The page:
When we got home we watched The Bugs Bunny Road Runner Hour and digested our pizza before I set the boys to doing their chores: feeding the chickens, collecting the eggs, feeding the goats and cleaning out the chicken house and goat stalls. I scrubbed up Freya and Anna and put them into bed and when the boys got back in the house, I sent them to do the same, except for Gunner, who usually stayed up late and kept me company.
That night, with the kids tucked asleep in their room and the warmth of the day clinging to the nighttime air, Gunner and I went outside to look around the place, to see what sort of shape the fences were in, how much hay was left in the lean-to, how far along the corn was. I breathed in the damp mist rising past our feet and into the night and looked above us at the stars glittering in the black, moonless sky. The only real light was spilling from the windows of our house.
“No offense Hamar,” I said up at the night-sky, “but we can’t keep living here. It’s been home to us all these years. We’ve been warm and dry. But it’s too small and too run-down and now that we can afford it, we’re gonna move.”
Of course, Hamar didn’t answer.
“Do you think we should move?” I asked Gunner, knowing he would give me an honest answer, steer me in the right direction. He looked at me, almost down at me he had grown so much, and thought for a long, hard minute.
“The Clyde’s place is for sale down at the main corners and it’d be just the thing for us. I was in it once before, when I brought Ben home from school one day last year. It has three bedrooms, so there’d be one for the girls, one for the boys and one for you. And I could build myself one in the basement.”
“It’s got a kitchen with a whole wall of cupboards, a bathroom with a bathtub and a shower, and a living room with a big window overlooking the main road.”
“No more baths in the metal tub?”
“Nope. And no more leaks in the roof and no more taped-up windows and no more snow drifting into the living room when the door blows open.”
“Is there room for a chicken coop in the yard?”
“There’s already a chicken coop and a big garden out back. There’s even a little shed you could keep the goats in if you wanted.”
“Do you suppose we could afford it?”
“With what Hamar left us I’m sure we could. But …” His sentence trailed off and I knew he was too embarrassed to say more. I was still surprised Hamar had tucked away so much money in his metal trunk, that we hadn’t been as poor as I’d always thought, but even that money, more than I had ever imagined having, I knew wasn’t going to last forever.
“I need to get a job,” I said finally.
“I don’t think my job at the gas station will be enough. Especially in the fall when school starts up again,” Gunner admitted, with equal parts of regret and relief.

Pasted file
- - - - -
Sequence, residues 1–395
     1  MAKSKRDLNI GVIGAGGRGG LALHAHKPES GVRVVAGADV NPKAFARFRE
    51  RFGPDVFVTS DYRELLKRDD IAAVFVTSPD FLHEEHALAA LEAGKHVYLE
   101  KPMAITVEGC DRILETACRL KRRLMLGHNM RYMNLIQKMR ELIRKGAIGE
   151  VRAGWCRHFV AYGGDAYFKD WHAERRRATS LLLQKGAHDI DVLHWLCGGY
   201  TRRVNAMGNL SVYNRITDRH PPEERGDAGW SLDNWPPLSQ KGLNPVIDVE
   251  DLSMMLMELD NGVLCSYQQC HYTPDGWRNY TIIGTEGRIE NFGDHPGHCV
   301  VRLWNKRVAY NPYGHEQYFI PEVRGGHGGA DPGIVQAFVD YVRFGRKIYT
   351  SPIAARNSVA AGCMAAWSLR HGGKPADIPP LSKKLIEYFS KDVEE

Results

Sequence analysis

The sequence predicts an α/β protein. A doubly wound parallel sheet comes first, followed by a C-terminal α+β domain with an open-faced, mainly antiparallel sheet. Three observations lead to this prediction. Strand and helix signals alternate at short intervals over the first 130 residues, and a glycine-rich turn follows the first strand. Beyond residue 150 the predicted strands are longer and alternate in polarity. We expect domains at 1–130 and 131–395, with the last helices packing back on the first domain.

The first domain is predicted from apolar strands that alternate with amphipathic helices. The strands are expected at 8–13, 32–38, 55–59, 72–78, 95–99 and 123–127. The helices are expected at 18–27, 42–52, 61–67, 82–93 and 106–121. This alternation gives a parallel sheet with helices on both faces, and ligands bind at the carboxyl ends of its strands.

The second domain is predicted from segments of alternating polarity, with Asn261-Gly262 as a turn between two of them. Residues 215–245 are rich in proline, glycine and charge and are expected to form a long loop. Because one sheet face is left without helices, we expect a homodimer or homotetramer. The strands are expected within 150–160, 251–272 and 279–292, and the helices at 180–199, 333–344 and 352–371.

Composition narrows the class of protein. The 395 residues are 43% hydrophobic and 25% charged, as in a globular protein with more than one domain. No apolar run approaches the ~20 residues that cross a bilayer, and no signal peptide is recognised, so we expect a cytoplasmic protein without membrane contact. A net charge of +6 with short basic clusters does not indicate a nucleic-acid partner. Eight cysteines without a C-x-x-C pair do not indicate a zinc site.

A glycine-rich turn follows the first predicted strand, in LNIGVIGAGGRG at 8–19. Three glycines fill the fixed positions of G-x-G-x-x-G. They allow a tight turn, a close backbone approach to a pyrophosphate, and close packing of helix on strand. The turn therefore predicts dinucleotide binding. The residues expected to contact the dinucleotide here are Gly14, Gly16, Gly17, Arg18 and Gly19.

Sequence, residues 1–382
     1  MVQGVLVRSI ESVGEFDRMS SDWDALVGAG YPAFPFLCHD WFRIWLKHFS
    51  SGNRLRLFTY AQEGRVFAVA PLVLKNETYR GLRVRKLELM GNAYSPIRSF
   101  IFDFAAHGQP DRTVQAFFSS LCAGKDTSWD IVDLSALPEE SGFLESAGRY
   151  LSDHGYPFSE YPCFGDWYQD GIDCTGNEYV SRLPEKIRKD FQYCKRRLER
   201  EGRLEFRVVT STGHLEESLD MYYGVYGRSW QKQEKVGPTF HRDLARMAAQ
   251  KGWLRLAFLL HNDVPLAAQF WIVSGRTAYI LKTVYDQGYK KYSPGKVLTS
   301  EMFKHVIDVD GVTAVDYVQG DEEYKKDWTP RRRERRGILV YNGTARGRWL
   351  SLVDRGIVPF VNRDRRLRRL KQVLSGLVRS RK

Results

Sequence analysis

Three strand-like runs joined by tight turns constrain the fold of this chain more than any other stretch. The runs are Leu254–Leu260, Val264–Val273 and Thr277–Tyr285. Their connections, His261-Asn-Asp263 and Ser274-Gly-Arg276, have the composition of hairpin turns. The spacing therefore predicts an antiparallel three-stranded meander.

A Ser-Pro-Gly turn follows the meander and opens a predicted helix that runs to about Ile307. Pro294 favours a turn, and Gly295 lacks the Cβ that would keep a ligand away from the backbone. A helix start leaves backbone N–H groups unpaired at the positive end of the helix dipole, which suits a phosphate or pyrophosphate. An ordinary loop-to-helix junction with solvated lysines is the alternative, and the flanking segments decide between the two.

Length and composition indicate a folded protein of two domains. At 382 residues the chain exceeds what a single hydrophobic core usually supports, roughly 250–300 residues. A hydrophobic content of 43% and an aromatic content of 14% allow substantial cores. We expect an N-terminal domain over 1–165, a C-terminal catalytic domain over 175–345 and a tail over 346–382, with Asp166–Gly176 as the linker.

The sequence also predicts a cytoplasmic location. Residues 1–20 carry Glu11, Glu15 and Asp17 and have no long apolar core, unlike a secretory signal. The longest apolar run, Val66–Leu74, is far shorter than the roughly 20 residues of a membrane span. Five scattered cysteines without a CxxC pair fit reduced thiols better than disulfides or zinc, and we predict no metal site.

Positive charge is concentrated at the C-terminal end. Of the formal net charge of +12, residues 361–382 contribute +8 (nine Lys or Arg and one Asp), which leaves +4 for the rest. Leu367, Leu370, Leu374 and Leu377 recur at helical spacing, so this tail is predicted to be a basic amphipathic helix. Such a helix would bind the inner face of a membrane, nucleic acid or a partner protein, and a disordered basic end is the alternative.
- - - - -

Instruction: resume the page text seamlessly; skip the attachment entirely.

“What can I do?” I asked, because I had never had a job before and really didn’t know.
“Anything you want. You could get a job like that waitress in the restaurant or maybe be a checkout girl at the grocery store. Or maybe even in one of the other stores in town. But …” Again he hesitated.
I wasn’t sure I could get a job like Gunner suggested. I worried about being around so many strangers every day, had never really known anyone outside my own family, but I knew I didn’t have a choice. I had six kids to feed. So I swallowed my fear and said, “First I gotta learn how to drive.”
“And I gotta learn to read better.”
“It’s not that I don’t want to keep teaching you, Winnie, it’s just that…”
“It’s not right that a kid teaches his own mother to read, Gunner. I gotta find someone to teach me properly.” I didn’t want him to feel responsible. He was already a sixteen-year-old with too much pressure weighing down his life.
“Maybe Mrs. McKenzie will teach you. She’s really nice. And smart. I bet if you asked her, she’d say yes.”
The thing about Gunner that always surprised me was how smart he was. He’d be the first to argue and say he wasn’t any good at school, was only smart when it came to his body knowing how to do things, like play basket ball. But if he wasn’t smart, then he was wise and I knew that came from our blood, a gift passed down from our Chippewa ancestor, the great Muske Uke. And so at that moment, with Hamar dead only a few days and my future big and scary and hiding in the shadows so that I couldn’t glimpse what it might be, I wasn’t as afraid as I might have been because I had Muske Uke’s blood and Gunner to keep me safe.
About this Story
Published by BookLand Press 20026
• Winner of the 2002 Muskoka Novel Marathon.
• Winner of a 2003 Works In Progress, Ontario Arts Council Grant.